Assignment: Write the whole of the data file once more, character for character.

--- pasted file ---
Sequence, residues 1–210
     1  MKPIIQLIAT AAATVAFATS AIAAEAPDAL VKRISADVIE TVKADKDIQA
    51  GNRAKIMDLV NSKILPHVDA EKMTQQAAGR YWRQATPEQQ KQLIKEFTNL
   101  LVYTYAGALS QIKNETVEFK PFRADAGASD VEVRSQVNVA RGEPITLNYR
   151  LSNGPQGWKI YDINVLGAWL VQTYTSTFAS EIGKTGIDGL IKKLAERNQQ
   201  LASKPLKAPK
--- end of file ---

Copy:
Sequence, residues 1–210
     1  MKPIIQLIAT AAATVAFATS AIAAEAPDAL VKRISADVIE TVKADKDIQA
    51  GNRAKIMDLV NSKILPHVDA EKMTQQAAGR YWRQATPEQQ KQLIKEFTNL
   101  LVYTYAGALS QIKNETVEFK PFRADAGASD VEVRSQVNVA RGEPITLNYR
   151  LSNGPQGWKI YDINVLGAWL VQTYTSTFAS EIGKTGIDGL IKKLAERNQQ
   201  LASKPLKAPK